For priority area 3), the topics of the training activities could cover EU legislation that recently entered into force and / or demonstrate the interconnection of the different EU instruments relevant in a specific field, such as: family matters, commercial matters, recovery of assets, procedural criminal rights, mutual legal assistance, etc. An evidenced-based needs assessment for the topic of the training activity is essential.

Target group

In general, this call supports training of members of the judiciary and judicial staff, meaning judges, prosecutors, court officers, other legal practitioners associated with the judiciary, such as lawyers, notaries, bailiffs, insolvency practitioners and mediators, as well as court interpreters and translators, prison and probation staff. For each priority it is indicated which part of the target group is addressed.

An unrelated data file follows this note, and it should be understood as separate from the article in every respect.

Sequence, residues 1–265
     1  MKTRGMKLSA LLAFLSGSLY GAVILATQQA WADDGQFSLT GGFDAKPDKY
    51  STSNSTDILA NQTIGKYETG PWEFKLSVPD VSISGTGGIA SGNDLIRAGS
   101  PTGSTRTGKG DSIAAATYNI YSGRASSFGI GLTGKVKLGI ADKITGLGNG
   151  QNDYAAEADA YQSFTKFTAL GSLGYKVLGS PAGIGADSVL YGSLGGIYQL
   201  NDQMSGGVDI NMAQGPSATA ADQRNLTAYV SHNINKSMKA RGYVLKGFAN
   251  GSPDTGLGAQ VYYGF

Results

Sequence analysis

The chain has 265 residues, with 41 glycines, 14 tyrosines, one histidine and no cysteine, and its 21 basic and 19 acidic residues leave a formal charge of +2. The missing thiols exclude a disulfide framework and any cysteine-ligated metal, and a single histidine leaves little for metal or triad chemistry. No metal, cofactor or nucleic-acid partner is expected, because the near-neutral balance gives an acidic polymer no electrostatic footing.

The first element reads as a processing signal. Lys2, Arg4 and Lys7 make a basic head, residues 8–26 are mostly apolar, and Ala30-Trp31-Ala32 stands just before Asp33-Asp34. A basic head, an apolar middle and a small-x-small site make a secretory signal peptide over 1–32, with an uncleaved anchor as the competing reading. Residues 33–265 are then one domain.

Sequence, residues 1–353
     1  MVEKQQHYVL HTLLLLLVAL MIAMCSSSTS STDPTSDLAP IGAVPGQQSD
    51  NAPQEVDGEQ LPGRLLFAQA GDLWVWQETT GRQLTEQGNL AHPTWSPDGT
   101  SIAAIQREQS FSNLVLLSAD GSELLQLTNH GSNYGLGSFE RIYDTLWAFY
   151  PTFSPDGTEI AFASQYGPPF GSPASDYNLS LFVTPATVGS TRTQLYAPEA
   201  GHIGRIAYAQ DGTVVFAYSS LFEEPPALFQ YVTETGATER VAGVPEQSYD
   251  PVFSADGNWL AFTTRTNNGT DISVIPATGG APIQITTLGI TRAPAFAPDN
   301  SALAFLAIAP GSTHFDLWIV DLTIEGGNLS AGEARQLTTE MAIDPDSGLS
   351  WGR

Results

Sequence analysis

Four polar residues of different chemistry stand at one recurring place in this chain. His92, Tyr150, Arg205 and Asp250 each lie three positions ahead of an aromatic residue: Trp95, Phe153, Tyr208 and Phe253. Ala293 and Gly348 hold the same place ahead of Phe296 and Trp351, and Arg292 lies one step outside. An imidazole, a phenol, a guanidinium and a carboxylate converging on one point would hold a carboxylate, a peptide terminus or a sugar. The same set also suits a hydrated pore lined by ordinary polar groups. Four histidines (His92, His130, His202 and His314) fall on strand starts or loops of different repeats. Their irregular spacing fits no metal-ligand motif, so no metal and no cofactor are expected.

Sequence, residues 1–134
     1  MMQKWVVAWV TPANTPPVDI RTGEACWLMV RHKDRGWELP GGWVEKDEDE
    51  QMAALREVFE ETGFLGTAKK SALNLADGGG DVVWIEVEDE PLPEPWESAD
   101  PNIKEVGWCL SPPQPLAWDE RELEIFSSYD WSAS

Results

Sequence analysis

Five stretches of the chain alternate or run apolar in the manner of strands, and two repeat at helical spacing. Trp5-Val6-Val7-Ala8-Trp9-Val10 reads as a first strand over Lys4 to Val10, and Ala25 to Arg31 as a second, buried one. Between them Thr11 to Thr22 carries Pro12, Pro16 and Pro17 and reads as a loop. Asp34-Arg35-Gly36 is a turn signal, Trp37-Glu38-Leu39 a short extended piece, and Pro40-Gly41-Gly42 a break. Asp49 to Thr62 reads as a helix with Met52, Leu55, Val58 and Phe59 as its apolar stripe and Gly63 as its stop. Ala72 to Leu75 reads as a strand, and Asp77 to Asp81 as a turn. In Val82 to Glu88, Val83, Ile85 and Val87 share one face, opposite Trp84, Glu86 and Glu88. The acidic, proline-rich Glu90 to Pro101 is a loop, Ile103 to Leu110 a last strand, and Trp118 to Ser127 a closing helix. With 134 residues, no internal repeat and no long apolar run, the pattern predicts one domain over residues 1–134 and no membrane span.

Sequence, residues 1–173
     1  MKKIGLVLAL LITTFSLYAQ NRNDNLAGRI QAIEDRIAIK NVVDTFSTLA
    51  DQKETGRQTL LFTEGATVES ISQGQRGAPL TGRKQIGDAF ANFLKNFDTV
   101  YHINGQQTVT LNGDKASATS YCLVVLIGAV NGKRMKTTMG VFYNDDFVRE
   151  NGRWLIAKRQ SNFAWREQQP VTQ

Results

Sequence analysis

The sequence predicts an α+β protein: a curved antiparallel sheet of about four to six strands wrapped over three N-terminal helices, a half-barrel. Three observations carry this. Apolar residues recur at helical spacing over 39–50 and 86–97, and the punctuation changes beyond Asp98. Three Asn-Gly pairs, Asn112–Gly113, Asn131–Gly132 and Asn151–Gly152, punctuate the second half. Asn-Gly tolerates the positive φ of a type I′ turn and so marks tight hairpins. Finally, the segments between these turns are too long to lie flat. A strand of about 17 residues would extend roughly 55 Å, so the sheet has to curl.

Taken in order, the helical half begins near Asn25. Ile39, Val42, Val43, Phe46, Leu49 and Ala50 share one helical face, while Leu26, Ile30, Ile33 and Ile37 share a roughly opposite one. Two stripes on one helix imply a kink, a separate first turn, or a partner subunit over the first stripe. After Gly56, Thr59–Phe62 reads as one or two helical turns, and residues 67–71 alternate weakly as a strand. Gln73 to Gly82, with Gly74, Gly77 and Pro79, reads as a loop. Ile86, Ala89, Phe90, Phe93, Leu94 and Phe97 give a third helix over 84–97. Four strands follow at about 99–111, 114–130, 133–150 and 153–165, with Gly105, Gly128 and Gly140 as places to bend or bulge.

Distribution of financial support between different topics

When deciding on the allocation of grants, a fair balance between topics and/or target audience may be sought. Grants addressing the priorities 1.a and 1.b are preferred.

Moreover, priority will be given to projects that do not duplicate existing training material or on-going projects but that act in complementarity or that innovate.

1.2. Description of the activities

Projects must be transnational and involve organisations from at least two participating countries. In addition the training activities implemented by each project must include participants (trainees) from different participating countries.

As far as nothing more specific is indicated in the priorities, this call will fund training activities such as:

  • Organisation of interactive, practice-oriented seminars (including implementation of training modules created by the European Commission on EU legislation in civil law[1]);

  • Multilateral exchanges between legal practitioners (except for judges and prosecutors whose training bodies are members of the EJTN and may thus take part in the exchanges organised by the EJTN);